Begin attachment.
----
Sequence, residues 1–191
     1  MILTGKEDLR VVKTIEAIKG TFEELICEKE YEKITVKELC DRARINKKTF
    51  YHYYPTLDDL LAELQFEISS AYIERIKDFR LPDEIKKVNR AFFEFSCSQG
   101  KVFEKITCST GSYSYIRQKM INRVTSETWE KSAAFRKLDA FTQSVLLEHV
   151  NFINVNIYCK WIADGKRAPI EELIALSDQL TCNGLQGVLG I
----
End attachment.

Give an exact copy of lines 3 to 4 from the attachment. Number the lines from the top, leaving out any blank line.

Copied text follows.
    51  YHYYPTLDDL LAELQFEISS AYIERIKDFR LPDEIKKVNR AFFEFSCSQG
   101  KVFEKITCST GSYSYIRQKM INRVTSETWE KSAAFRKLDA FTQSVLLEHV